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By Mike Avitt
Delphos was established in 1880 with the coming of the Chicago, Burlington, & Quincy Railroad.
Delphos never had a newspaper and was the only incorporated town in Ringgold County to never have a bank.
Delphos started small and stayed small. And, yet, it has a big history.
The first church here was erected in 1884 and I’m guessing it was the original Baptist Church.
A 1915 Ringgold County plat map shows a church on the same lot as the current Baptist Church. The Christian Church, a block north of the Baptist Church, was built in 1889.
The Baptist Church seems to have enjoyed good support and I was able to find a permanent minister during 1905-07 in the person of Rev. T. H. Boggess, although the newspaper gives the reverend’s address as Maloy, where he preached at the Baptist Church there.
Delphos got a new schoolhouse in 1917 and electricity around 1921. It was time for a new Baptist Church building.
The Baptist Church at Maloy seems to have ceased operations at the beginning of World War I.
A 1921 advertisement in the Record-News, placed by the trustees of the Delphos church, was asking bids on the Baptist Churches at Delphos and Maloy and the church lots at Maloy. The bids did not include the churches’ bells, windows, or seats.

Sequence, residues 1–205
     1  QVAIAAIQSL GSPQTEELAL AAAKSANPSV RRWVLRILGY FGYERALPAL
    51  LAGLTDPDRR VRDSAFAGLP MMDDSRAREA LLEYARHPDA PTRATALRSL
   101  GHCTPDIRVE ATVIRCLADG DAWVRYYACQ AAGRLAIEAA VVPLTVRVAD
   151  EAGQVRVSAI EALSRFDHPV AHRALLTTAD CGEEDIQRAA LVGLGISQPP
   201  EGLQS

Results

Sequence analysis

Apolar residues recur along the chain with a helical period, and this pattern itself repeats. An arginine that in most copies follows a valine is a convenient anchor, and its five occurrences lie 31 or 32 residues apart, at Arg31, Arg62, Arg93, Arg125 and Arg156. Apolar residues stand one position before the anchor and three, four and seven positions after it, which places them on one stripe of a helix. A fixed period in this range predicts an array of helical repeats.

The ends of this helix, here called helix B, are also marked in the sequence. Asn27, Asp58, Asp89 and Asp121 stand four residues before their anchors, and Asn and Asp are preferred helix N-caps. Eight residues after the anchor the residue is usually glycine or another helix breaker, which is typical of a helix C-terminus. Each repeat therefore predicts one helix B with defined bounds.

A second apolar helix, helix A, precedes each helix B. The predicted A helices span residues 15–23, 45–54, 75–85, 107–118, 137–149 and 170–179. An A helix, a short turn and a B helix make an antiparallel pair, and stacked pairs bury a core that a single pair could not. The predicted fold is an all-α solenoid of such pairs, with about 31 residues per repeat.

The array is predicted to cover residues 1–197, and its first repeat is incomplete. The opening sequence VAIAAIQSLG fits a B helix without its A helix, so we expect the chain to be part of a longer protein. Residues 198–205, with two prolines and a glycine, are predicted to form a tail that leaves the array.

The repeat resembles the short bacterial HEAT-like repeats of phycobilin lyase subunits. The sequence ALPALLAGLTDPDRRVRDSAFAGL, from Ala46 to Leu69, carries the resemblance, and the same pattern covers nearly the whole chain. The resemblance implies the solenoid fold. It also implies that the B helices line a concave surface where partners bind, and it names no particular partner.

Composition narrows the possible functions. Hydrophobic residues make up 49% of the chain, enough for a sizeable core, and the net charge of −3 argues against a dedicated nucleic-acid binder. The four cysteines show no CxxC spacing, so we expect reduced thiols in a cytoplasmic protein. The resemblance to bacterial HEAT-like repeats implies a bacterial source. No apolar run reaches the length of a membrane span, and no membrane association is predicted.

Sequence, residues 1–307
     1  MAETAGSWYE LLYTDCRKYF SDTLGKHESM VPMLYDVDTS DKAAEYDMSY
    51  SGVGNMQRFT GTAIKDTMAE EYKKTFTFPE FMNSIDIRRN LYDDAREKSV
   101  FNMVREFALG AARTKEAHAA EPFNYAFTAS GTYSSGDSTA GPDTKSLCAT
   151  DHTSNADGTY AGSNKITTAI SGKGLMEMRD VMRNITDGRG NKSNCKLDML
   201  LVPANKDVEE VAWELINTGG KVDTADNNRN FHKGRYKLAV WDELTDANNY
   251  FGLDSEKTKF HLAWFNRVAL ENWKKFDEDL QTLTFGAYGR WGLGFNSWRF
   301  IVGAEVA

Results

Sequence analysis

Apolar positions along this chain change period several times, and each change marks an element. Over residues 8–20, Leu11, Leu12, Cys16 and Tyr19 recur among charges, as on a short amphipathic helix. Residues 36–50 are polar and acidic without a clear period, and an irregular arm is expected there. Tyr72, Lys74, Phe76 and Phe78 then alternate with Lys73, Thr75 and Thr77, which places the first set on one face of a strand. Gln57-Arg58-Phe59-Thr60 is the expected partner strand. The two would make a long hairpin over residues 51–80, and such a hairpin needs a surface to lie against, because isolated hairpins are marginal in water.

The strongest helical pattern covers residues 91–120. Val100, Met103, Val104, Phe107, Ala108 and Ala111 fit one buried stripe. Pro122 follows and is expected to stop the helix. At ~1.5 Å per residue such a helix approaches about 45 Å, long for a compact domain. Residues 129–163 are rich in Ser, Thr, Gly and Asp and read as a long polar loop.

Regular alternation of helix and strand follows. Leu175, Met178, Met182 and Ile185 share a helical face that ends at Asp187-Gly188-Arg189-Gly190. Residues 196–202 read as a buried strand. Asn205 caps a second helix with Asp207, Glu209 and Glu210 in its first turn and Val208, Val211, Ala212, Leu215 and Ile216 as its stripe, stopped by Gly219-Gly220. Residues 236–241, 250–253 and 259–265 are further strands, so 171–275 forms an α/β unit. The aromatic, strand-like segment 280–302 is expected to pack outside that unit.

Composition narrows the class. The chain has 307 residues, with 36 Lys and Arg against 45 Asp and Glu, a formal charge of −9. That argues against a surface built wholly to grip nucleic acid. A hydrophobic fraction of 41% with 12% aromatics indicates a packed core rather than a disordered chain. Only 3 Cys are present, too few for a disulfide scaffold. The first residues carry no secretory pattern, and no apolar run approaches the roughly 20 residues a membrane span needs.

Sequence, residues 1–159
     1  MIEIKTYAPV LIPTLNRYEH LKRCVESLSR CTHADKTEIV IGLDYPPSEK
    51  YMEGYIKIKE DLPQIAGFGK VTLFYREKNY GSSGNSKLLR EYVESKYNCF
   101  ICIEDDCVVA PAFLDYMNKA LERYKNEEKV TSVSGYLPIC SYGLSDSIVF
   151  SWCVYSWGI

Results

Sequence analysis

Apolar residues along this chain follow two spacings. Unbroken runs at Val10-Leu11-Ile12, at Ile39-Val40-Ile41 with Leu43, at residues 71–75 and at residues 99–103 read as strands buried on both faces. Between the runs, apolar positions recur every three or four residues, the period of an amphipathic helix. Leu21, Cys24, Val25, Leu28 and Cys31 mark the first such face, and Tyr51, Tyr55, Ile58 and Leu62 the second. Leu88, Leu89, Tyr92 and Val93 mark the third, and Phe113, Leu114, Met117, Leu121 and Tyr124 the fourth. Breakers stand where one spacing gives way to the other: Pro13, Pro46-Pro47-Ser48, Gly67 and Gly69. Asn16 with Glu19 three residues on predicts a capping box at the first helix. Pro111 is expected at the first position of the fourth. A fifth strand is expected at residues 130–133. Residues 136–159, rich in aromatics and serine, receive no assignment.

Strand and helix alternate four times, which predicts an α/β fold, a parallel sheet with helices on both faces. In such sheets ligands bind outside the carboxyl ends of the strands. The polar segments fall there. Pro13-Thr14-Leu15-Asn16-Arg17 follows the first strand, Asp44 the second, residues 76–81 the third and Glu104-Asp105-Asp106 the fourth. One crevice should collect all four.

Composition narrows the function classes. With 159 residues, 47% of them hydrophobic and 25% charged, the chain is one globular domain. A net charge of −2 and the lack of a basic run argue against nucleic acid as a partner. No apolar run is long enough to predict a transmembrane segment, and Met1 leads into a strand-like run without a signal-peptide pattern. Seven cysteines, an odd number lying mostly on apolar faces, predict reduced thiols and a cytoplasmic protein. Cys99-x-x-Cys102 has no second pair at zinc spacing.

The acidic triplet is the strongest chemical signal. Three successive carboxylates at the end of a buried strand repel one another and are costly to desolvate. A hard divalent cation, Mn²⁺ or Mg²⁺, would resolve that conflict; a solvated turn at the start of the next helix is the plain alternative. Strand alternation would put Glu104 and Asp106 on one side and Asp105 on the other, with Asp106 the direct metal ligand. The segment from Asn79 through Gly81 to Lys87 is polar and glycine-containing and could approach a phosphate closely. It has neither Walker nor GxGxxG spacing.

In the fall of 1921, Leonard Rusk was hired to dismantle the Baptist Churches at Delphos and Maloy and use the lumber in the construction of the new Baptist Church in Delphos.
The new church would be on the same lots as the old church.
Our old friend Rev. Boggess was part of the dedication ceremony on May 14, 1922. I can find no evidence the new Delphos Baptist Church had a full-time pastor, although Rev. Boggess would make many appearances at Delphos over the next two decades.
What the church did have was a dedicated congregation and a very successful Fall Supper and Bazaar.
Even without a full-time pastor, guest speakers, supply pastors, and revivals keep the church going. Sunday School, which had good attendance, was held every week.
In 1953, Verl Hickman, pastored the church for a year. He was followed by Rev. Norman Bardsley. Rev. Bardsley left in November 1956 and was lauded for his efforts. The next pastor I found was Norman Noble in October 1958.
His obituary says he was granted a license (he was not yet ordained) to preach at the Baptist Church in Grand River in 1953. In 1954, he went to the Mount Zion Church in Riley Township, which would have been somewhat near Noble’s home.
Next week we’ll look at the years 1958 to 2006 in the Delphos Baptist Church.